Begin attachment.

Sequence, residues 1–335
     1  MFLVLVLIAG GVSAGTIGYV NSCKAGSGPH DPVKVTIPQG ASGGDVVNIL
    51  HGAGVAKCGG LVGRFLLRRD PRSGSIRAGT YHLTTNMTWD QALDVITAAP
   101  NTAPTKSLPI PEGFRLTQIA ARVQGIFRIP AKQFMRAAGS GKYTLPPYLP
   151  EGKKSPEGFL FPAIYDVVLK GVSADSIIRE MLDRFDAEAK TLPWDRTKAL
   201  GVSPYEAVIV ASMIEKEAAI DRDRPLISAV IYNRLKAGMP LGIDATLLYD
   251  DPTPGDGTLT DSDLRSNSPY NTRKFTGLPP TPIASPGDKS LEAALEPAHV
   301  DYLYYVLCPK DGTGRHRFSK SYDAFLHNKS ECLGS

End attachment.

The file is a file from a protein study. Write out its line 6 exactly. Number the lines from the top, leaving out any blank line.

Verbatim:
   201  GVSPYEAVIV ASMIEKEAAI DRDRPLISAV IYNRLKAGMP LGIDATLLYD